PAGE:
A. The MVRA

         The MVRA “govern[s] federal court orders requiring defendants convicted of certain crimes to pay their victims restitution.” Lagos v. United States, 138 S.Ct. 1684, 1687 (2018); see also 18 U.S.C. § 3663(a)(1) (providing that a “court shall order” restitution in certain cases). Section 3664 of the MVRA lays out the “[p]rocedure for issuance and enforcement of [an] order of restitution.” 18 U.S.C. § 3664. Under that provision, “[u]pon determination of the amount of restitution owed to each victim, the court shall . . . specify in the restitution order the manner in which, and the schedule according to which, the restitution is to be paid, in consideration of” multiple factors, including the defendant's “financial resources” and “projected earnings.” Id. § 3664(f)(2). A court has considerable discretion to structure the restitution order's schedule into “payments at specified intervals” or a “single, lump sum payment.” Id. § 3664(f)(3)(A).

         “A sentence that imposes an order of restitution is a final judgment notwithstanding the fact that . . . such sentence can subsequently be . . . corrected . . . appealed and modified . . . amended . . . [or] adjusted . . . .” Id. § 3664(o). Each of these processes contemplates court action. See id. (referencing Fed. R. Crim. P. 35, 18 U.S.C. § 3664(d)(5), among other provisions requiring judicial action). As is relevant here, § 3664(k) sets out a process for notification “of any material change in the defendant's economic circumstances that might affect the defendant's ability to pay restitution.” Id. § 3664(k). “Upon receipt of the notification, the court may, on its own motion, or the motion of any party . . . adjust the payment schedule, or require immediate payment in full, as the interests of justice require.” Id. Section 3664(n) further mandates that “[i]f a person obligated to provide restitution, or pay a fine, receives substantial resources from any source, including inheritance, settlement, or other judgment, during a period of incarceration, such person shall be required to apply the value of such resources to any restitution or fine still owed.” Id. § 3664(n).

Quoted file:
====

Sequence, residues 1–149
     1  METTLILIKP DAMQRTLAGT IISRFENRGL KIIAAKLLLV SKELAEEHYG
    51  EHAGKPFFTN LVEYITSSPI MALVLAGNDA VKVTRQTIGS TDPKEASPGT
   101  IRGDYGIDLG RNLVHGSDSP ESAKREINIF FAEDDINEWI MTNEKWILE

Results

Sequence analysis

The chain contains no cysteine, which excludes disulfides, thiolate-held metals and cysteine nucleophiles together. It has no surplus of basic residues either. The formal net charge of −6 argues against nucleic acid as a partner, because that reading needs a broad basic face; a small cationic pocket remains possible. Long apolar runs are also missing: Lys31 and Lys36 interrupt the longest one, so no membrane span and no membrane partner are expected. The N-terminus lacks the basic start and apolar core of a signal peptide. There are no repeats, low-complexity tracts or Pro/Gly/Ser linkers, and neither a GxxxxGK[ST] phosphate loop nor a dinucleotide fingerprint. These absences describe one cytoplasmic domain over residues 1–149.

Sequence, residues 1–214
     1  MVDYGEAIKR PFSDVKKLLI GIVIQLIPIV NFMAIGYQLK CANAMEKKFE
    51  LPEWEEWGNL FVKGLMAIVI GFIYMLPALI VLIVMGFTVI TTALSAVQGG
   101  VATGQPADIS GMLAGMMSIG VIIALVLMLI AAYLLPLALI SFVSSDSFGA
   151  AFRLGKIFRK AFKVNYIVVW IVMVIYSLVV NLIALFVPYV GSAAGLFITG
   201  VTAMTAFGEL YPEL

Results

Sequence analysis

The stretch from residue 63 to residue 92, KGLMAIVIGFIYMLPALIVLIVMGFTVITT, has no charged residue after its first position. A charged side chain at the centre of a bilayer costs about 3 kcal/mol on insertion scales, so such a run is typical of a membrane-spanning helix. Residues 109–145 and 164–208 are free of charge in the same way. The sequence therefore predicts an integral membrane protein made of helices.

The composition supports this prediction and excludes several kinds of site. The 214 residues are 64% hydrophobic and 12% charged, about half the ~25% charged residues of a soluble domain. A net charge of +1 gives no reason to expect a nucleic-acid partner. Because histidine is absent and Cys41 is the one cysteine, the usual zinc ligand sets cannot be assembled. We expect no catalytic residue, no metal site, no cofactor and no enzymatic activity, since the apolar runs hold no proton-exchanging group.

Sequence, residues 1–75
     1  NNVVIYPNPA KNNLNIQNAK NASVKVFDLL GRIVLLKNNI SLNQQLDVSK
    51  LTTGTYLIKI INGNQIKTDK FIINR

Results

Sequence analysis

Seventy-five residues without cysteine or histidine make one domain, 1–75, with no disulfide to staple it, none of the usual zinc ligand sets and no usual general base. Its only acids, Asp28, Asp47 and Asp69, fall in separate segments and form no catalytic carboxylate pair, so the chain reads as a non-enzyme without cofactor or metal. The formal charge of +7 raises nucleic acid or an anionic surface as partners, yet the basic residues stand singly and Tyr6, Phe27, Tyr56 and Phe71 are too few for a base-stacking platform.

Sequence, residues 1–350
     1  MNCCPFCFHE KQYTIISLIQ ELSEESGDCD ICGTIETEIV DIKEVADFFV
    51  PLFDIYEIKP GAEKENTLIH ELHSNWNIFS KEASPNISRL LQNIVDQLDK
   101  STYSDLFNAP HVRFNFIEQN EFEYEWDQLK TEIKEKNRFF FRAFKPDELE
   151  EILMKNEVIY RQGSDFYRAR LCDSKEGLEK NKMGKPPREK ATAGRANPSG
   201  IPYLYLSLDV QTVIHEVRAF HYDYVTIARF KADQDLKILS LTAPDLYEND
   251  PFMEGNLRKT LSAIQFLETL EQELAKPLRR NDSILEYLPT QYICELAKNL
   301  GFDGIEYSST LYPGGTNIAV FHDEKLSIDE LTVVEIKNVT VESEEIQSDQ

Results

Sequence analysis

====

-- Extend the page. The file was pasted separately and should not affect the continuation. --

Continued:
“Sections 3663 and 3664 of Title 18 clearly impose on the court the duty to fix the terms of restitution.” United States v. Johnson, 48 F.3d 806, 808 (4th Cir. 1995); see also United States v. Martinez, 812 F.3d 1200, 1202 (10th Cir. 2015) (“By statute, it is the district court - not the government - that determines how a defendant is to pay restitution.”); United States v. Merric, 166 F.3d 406, 409 (1st Cir. 1999) (“[I]t is the inherent responsibility of the judge to determine matters of punishment and this includes final authority over all payment matters.”). “The government, ” on the other hand, “has statutory authority to enforce . . . the terms of a ...


Buy This Entire Record For $7.95

Download the entire decision to receive the complete text, official citation,
docket number, dissents and concurrences, and footnotes for this case.

Learn more about what you receive with purchase of this case.